Reentry Resource Center to help people on parole
(Editor’s note: The new Reentry Resource Center at Mather now offers weekly face-to-face help for registered participants. A recent resource fair helped highlight the center.)
Franklin Stowers, 24 years old and just out of prison, was on a mission.
Stowers was among nearly 300 people who visited a recent reentry fair in Sacramento County. More than 90 vendors provided assistance with housing, employment, legal services and more.
“I’ve got to get a job ASAP,” Stowers explained. He then smiled and showed a handful of papers. “I have three good referrals. And I learned about community college certificates for technology.”
The Oct. 20 event was jointly hosted by:
- CDCR Division of Adult Parole Operations-Northern Region (DAPO)
- Division of Rehabilitative Programs (DRP)
- and Sacramento Community Based Coalition (SCBC).
“We want to provide stabilization and navigation services – everything is here,” said Jessica Fernández, a unit chief for DRP’s Community Reentry Services. “Everyone is working to make sure their transition into the community is successful.”
The event also served to launch the grand opening of the Reentry Resource Center at the Mather Airport site. Starting on Oct. 31, multiple vendors will provide weekly face-to-face assistance to registered participants. The Reentry Resource Center will be located at 10170 Missile Way in Mather.
“It’s all about providing a continuum of care,” Fernández said.
The theme of the Adult Reentry fair was “Success…Make it Happen!” and Parole Agent Kim Moore was key to making this event a success. Moore was determined to make this the most successful event yet. Similar adult reentry fairs have been coordinated by DAPO to kick off Reentry Resource Centers in Alameda, Los Angeles, and San Joaquin counties over the past year. More are on the way.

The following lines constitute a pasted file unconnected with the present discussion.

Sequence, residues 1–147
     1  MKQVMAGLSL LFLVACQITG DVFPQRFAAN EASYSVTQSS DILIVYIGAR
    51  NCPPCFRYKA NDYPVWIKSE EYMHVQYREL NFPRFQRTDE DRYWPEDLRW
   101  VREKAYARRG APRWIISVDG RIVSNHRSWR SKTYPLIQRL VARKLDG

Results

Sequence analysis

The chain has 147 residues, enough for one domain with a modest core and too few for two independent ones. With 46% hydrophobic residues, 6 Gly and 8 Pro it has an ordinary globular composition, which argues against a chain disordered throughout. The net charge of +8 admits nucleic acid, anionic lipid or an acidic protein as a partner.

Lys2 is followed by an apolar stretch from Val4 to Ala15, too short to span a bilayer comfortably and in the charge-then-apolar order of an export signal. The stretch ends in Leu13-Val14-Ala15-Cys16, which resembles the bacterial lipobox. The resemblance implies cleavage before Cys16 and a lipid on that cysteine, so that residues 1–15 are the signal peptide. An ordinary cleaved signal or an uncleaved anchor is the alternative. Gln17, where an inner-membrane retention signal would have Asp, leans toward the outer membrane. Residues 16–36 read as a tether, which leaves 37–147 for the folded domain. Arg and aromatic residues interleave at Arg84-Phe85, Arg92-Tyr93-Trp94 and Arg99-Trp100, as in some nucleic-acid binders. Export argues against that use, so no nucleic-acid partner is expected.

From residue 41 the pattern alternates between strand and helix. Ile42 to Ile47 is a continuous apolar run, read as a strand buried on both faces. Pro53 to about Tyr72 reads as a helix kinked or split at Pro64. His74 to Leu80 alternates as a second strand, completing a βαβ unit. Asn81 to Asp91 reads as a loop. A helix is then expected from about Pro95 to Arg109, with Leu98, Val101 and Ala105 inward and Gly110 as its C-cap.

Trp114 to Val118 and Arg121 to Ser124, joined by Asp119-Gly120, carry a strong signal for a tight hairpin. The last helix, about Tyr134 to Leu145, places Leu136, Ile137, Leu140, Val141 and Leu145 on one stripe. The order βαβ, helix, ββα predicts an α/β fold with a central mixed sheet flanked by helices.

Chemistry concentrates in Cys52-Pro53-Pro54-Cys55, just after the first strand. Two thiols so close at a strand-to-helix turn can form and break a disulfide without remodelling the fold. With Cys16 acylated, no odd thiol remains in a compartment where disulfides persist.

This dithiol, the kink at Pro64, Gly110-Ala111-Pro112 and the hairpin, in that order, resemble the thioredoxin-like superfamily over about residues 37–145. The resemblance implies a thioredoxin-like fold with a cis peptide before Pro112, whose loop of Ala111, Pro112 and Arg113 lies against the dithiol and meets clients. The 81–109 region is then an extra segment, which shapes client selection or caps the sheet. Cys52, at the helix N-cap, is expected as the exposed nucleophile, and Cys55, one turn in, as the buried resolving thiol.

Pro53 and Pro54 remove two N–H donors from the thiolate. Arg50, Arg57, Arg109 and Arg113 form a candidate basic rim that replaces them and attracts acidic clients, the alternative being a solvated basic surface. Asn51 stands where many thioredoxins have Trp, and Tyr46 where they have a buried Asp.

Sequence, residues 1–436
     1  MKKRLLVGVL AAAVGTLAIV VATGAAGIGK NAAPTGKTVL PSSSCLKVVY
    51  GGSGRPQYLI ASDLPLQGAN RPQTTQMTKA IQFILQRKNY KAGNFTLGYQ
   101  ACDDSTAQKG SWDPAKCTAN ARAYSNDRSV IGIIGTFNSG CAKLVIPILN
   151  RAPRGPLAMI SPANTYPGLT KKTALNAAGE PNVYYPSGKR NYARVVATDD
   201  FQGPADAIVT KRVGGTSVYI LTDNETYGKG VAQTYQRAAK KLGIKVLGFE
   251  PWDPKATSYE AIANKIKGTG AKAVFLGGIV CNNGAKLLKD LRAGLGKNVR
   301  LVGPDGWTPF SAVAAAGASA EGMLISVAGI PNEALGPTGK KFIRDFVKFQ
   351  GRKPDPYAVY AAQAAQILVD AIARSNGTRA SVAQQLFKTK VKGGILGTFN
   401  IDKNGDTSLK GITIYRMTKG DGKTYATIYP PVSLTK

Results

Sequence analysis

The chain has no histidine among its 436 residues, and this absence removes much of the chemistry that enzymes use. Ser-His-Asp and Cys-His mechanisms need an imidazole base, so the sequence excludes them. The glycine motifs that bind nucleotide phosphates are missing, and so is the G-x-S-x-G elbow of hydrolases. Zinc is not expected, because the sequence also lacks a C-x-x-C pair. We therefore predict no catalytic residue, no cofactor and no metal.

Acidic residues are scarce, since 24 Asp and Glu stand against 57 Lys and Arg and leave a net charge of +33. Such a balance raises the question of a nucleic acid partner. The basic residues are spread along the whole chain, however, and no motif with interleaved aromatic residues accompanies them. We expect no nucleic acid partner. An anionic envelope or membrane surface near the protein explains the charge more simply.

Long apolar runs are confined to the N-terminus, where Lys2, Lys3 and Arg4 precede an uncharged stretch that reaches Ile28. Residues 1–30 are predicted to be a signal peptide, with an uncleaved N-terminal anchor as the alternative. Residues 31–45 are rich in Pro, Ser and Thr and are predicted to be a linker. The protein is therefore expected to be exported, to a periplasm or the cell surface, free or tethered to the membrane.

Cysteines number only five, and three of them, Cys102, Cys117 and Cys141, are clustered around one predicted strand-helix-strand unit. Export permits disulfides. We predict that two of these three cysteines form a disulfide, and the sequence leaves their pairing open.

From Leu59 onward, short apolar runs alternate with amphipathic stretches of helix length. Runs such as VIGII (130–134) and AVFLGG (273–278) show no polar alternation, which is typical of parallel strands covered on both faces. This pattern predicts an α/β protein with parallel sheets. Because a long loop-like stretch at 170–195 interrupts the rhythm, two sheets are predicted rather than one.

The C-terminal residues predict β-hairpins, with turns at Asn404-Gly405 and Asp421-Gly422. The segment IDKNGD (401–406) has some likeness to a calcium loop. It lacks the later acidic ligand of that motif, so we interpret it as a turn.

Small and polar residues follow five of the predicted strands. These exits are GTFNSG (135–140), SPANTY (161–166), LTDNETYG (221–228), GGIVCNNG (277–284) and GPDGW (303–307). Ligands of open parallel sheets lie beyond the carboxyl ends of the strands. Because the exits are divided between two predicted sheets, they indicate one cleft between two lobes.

At the Sacramento County Adult Reentry fair, participants could pick up gently-used clothing, collect fresh produce, and get a haircut. CDCR’s Office of Victims Services helped answer questions about restitution payments.
The Department’s Transitional Case Management Program walked people through applying for Medi-Cal, Social Security, and Veterans Administration benefits. The Board of Parole Hearings representatives answered questions about its process.
Many booths provided information about transitional housing options. CDCR has created housing and rehabilitation programs for parolees to improve their outcomes upon release. One option is places such as River City Recovery Center, which provides housing along with a comprehensive net of services that include substance use disorder treatment, family reunification counseling, and employment skills.
There was a crowd in front of the Laborer Local 185 booth. Union representatives explained their two-year paid apprenticeship programs in courses such as welding, forklift operation, and pipe-laying. CEO Works was popular too. The organization provides employment leads and job-seeking help with resumes.
At another booth, Michele Dalby, 50, was grinning when she attached the “I registered to Vote Today” sticker to her t-shirt. “I’ve never voted, never been registered,” Dalby said.
Dalby’s voting milestone was aided by two Sacramento County Office of Education employees who help connect formerly incarcerated people with important resources. They were smiling too.
In 2020, voters approved Proposition 17, allowing those on parole for felony convictions to vote despite their supervision status.
“I’m so excited to be doing this,” said Evelyn Fonseca, a transitional specialist. “It’s important that people here register and use their vote. It helps them become part of the community.”
Story by Terri Hardy, Public Information Officer II
Photos by Rob Stewart, TV Specialist, unless otherwise noted.
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